Transmission risk increases:
- when people are close to each other (usually within 2 metres)
- when people are displaying symptoms
- when in indoor, poorly ventilated environments that are not regularly cleaned
There is limited evidence of long-range aerosol transmission. Further research is needed to better understand aerosol transmission of SARS-CoV-2 virus.
SARS-CoV-2 virus can survive on surfaces from a few hours to days.
The amount of virus on surfaces is not always enough to cause infection.
SARS-CoV-2 can be transmitted even if the infected person does not have symptoms. This is called asymptomatic transmission.
Infectious and incubation periods
Studies show that the highest risk of transmission occurs a few days before and within the first 5 days after symptom onset but can be up to 10 days after symptom onset.
The average incubation period is between 3 and 6 days, with a range from 1 to 14 days.
The cardinal symptoms, as outlined by NHS inform, are:
- new, continuous cough
- change in or absence of sense of smell or taste
- Symptoms of COVID-19 can vary in severity.
- Some people have:
- sore throats
- general weakness
- muscular pain
- acute respiratory distress syndrome and other complications
Mortality is an unfortunate potential outcome in those with severe disease.
Although applicable to a small portion of the prison population, atypical symptoms of COVID-19 are more likely to present in:
- older adults
- very young people
- people with underlying health conditions
- immunocompromised individuals
These atypical symptoms can include:
- increased confusion
- reduced appetite
- vomiting and diarrhoea
- shortness of breath
- excessive sleepiness
- difficulty in breathing (this is an important symptom to be aware of in older adults)
Most people recover quickly, usually starting to feel better in a few days. Some people take longer and symptoms can affect the whole body.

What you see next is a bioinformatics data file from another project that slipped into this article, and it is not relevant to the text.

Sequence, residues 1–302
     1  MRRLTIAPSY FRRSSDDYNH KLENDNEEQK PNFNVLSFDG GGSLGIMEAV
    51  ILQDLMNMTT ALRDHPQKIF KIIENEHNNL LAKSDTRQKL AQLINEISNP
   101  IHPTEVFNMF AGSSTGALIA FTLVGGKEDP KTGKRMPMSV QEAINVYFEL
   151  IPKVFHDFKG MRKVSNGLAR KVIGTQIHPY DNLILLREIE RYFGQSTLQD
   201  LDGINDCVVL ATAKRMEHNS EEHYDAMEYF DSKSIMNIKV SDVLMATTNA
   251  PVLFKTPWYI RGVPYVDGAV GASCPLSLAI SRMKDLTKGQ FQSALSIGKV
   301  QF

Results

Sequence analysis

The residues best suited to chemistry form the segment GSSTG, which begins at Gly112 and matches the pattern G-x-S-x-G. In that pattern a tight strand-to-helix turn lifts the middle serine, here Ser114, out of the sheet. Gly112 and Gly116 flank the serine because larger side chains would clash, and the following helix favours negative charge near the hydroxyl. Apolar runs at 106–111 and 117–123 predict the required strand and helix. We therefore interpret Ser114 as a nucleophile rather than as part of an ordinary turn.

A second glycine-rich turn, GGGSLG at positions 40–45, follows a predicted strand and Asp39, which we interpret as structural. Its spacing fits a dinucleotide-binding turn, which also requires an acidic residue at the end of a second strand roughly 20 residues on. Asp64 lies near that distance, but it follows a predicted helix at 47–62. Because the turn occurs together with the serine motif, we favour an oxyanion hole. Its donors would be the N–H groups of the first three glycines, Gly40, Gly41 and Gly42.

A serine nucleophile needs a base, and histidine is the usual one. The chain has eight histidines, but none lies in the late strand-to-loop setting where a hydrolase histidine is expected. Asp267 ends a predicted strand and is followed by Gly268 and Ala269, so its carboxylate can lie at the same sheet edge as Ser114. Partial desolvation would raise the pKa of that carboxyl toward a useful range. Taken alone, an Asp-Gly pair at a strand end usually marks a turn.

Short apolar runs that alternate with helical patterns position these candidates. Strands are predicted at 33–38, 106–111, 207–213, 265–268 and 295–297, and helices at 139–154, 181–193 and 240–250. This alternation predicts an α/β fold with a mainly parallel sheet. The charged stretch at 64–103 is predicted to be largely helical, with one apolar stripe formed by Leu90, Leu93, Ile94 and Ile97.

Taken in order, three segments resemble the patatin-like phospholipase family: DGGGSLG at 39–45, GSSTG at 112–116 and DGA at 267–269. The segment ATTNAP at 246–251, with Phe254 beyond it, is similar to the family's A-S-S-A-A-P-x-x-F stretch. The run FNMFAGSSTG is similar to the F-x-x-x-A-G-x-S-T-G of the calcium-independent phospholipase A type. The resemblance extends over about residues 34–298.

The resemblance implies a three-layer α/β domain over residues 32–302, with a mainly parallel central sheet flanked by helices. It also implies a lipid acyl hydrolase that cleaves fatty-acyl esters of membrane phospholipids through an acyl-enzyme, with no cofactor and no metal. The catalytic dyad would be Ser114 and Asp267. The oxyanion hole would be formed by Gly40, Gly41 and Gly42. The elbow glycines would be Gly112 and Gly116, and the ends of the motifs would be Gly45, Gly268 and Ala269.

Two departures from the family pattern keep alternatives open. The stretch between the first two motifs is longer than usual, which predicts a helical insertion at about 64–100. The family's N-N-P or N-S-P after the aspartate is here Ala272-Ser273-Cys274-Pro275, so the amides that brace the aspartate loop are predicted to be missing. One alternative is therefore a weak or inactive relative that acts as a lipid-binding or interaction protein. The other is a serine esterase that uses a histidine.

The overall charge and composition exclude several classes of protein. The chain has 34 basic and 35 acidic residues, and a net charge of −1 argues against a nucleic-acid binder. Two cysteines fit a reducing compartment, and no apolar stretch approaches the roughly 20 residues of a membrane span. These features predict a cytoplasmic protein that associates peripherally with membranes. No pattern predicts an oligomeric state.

SIGN has produced a booklet for anyone with ongoing signs and symptoms of COVID-19.
NHS inform provides a variety of useful information on long-term effects.
General prevention measures
This section outlines a range of measures that are recommended to reduce transmission of SARS-CoV-2.
Prisons are strongly advised to continue to follow and regularly review the implementation of COVID-19 mitigation measures to minimise transmission of SARS-CoV-2 and other infections.
Advice on enhanced COVID-19 infection and prevention control (IPC) measures for community health and care settings is available in the NIPCM Appendix 21: COVID-19 Pandemic IPC Controls for Health and Social Care Settings. Additional measures may need to be introduced when there are localised clusters or outbreaks. The health protection team (HPT) / Incident Management Team (IMT) will advise in these instances.
Refer to NHS inform for general advice on COVID-19.
Evidence for vaccination across adult age groups shows protection against:
- symptomatic disease
- infection (including in healthcare workers and in care home service users)